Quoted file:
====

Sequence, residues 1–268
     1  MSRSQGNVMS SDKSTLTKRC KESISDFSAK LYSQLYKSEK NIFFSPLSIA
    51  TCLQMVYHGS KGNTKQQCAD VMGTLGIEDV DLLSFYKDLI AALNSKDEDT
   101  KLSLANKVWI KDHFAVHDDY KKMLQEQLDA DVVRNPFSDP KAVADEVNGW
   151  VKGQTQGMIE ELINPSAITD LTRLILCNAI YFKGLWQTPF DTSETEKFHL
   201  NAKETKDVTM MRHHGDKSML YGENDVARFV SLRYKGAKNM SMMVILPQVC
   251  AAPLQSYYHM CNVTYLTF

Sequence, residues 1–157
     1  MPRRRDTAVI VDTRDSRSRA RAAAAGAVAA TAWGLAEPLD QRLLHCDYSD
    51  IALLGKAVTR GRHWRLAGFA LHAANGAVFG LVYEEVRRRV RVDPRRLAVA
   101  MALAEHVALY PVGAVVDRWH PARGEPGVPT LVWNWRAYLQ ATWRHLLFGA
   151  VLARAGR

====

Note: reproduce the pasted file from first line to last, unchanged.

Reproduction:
Sequence, residues 1–268
     1  MSRSQGNVMS SDKSTLTKRC KESISDFSAK LYSQLYKSEK NIFFSPLSIA
    51  TCLQMVYHGS KGNTKQQCAD VMGTLGIEDV DLLSFYKDLI AALNSKDEDT
   101  KLSLANKVWI KDHFAVHDDY KKMLQEQLDA DVVRNPFSDP KAVADEVNGW
   151  VKGQTQGMIE ELINPSAITD LTRLILCNAI YFKGLWQTPF DTSETEKFHL
   201  NAKETKDVTM MRHHGDKSML YGENDVARFV SLRYKGAKNM SMMVILPQVC
   251  AAPLQSYYHM CNVTYLTF

Sequence, residues 1–157
     1  MPRRRDTAVI VDTRDSRSRA RAAAAGAVAA TAWGLAEPLD QRLLHCDYSD
    51  IALLGKAVTR GRHWRLAGFA LHAANGAVFG LVYEEVRRRV RVDPRRLAVA
   101  MALAEHVALY PVGAVVDRWH PARGEPGVPT LVWNWRAYLQ ATWRHLLFGA
   151  VLARAGR